The Pastor as Theologian

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Praxis is the mixture of reflection and action; it is the activity of theorizing and practice (Freire 2000). The pastor is a practical theologian and their job incorporates thinking in community about God and moving that community toward seeking the character of God in both systemic and individual lived realities of daily life.   Good pastoral theologians possess the ability to speak meaningfully and truthfully about broad topics of ultimate social concern rooted in a deep understanding of the nature and character of God. A true pastoral voice attempts to speak well of God, and to live a reflection of God in world. The role of the pastor theologian is, however understood in whatever tradition we embrace, is in some shape or form about bringing people face to face with the reality of God, responding to God’s invitation in their lives, and shaping their existence by the eternal truths revealed in sacred text (Strachan 2015). The pastor theologian understands their role not only as leading the worship life of a community, but shaping the thought life of a community with an eye toward active engagement in the world.

Church is a countercultural enterprise which models an alternative set of values and practices to those of the larger world (Allen 2008). Christian communities should not seek to leave their home cultures; rather they remain in them subverting and subduing anything that deters human flourishing in order to bring the realm of God into manifestation within that culture (Volf 2011). Theology is that discipline which has the responsibility of continually examining the proclamation of the church in light of Christ. The task of theology, then is to critique and revise the langue of the church (Cone 1997).  Pastoral theologians focus the community on transforming themselves and the world in light of Gospel narrative. Churches need the preachers who proclaim the Gospel to be theologians who are skilled at interpreting it. Reflecting theologically keeps preachers present to attend to the realities the Gospel is meant to impact, enabling them to take an ancient text and make it applicable to contemporary circumstances (Cone, Said I Wasn’t Gonna Tell Nobody 2018).  This is the only way the church reveals a community bound together by their willingness to journey into the meaning and mystery of God. The place where disparate parts of our humanity can be bound together and then kept from being separated again (Spong 2001). 

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As a practical theologian, the pastor must engage the community in making connections between their life experiences and their current worldviews.  The pastor challenges everyone to think critically about the roles their family histories, ecclesial formations, and social contexts have played in the way they engage the world (Francis 2015). This is done in light of a clear understanding of the person and work of Jesus and the intent of the Gospel.  Insomuch as theology seeks to understand, to interpret, and to impart the Word of God and its meanings in various historical, cultural, and social context, the task of the preacher is to preach a new world into existence (Bond 2013).  A text cannot be understood apart from the world it creates in the imagination of the hearer. Its effects- social, emotional, psychological, and otherwise – are vital to any extraction of meaning, since that meaning has no productive existence outside the mind of the hearer (Townes 1997). The pastoral theologian acts as a co-creator of the work by supplying the portion of the text that is not written but implied. This is a powerful task in that it sets the frequency of understanding and action in any given community.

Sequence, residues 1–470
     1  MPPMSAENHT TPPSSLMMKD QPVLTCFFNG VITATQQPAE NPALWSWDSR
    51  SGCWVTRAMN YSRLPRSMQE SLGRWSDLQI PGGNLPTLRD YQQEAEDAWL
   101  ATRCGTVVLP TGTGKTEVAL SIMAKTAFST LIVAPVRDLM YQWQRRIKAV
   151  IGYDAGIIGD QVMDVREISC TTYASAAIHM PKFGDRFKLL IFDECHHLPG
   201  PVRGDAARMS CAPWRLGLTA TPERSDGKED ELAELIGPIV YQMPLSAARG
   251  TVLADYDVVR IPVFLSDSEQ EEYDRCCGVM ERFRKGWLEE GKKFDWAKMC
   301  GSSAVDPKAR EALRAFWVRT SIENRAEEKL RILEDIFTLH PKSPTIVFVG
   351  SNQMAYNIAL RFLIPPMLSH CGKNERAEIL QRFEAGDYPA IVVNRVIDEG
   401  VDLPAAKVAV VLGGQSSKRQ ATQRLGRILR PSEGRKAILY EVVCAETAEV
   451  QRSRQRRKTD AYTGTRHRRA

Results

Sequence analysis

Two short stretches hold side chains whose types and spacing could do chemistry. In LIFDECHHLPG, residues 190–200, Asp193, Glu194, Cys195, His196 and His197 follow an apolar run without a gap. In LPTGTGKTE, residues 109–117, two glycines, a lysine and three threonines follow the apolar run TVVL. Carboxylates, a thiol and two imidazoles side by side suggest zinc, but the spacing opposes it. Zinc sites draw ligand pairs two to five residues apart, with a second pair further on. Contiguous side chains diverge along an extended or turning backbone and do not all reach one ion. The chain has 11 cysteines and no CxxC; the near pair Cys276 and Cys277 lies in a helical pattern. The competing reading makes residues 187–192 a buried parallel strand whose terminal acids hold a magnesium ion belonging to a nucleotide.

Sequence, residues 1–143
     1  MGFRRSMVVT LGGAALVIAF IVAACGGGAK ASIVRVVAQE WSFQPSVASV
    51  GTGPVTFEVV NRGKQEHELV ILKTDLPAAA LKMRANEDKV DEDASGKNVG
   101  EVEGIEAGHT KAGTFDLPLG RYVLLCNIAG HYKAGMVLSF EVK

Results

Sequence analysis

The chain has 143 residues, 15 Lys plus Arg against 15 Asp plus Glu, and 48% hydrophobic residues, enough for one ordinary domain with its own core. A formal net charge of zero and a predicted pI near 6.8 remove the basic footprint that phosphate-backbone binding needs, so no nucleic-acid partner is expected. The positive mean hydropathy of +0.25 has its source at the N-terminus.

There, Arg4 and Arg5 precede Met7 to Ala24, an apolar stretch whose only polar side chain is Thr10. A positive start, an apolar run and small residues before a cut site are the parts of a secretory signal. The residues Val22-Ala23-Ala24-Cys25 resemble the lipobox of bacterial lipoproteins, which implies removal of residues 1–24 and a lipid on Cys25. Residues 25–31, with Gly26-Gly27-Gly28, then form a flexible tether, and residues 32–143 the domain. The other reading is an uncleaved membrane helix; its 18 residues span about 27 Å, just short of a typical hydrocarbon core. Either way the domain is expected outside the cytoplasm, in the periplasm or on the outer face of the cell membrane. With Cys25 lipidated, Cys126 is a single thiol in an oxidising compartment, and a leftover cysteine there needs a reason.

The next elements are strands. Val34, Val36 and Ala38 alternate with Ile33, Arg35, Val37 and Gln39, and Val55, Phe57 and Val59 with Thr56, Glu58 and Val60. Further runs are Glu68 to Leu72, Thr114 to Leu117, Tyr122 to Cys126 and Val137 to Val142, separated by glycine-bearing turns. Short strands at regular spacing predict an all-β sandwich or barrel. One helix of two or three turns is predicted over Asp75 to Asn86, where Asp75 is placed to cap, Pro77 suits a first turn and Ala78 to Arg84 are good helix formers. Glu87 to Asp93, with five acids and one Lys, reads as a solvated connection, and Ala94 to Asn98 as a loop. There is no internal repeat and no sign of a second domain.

It is of the utmost importance that we have pastoral theologians who have been steeped in a theological education that looks beyond the walls of the academy, historically truncated faith genealogies, contemporary institutional communities of believers, all of which have been guilty of centering the self as adjudicators of reality (Hopkins 2007).  We need pastoral theologians who see themselves not just as CEO’s or life coaches but fundamentally as prophetic voices holding up the folly of the culture and pointing that culture toward a preferable future that is rooted in the realm of God – a future that centers the love of the Divine for any and all equally and without dissemination. We need a generation of pastoral theologian who are on fire with passion for human flourishing who are committed to the whole council of God.

Non schola, sed vitae,

Rt. Rev. Edward Donalson III, DMin | Director of Liturgy and Worship | Assistant Clinical Professor 
SCHOOL OF THEOLOGY AND MINISTRY | SEATTLE UNIVERSITY

Works Cited


Allen, Ronald J. 2008. Thinking Theologically: The Preacher as Theologian. Minneapolis: Frotress Press.

Bond, Adam L. 2013. The Imposing Preacher: Samual DeWitt Proctor & Black Public Faith . Minneapolis: Frotress Press .

Cone, James H. 1997. Black Theology and Black power. MaryKnoll: Orbis.

—. 2018. Said I Wasn’t Gonna Tell Nobody. Maryknoll: Orbis.

Francis, Leah Gunning. 2015. Ferguson & Faith Sparking Leadership & Awakening Community. St Louis: Chalice Press.

Freire, Paulo. 2000. Pedagogy of the Oppressed. New York: Bloomsbury.

Hopkins, Dwight N., ed. 2007. Black Faith and Public Talk. Waco : Baylor University Press .

Spong, John Shelby. 2001. A New Christianity For A New World. New York: Harper Collins.

Strachan, Kevin J. Vanhoozer and Owen. 2015. The Pastor as Public Theologian: Reclaiming a Lost Vision. Grand Rapids: BakerAcademic.

Townes, Emilie M., ed. 1997. Embracing the Spirit: Womanist Perspectives on Hope Salvation & Transformation. Maryknoll: Orbis.

Volf, Miroslav. 2011. A Public Faith. Grand Rapids: BrazosPress.

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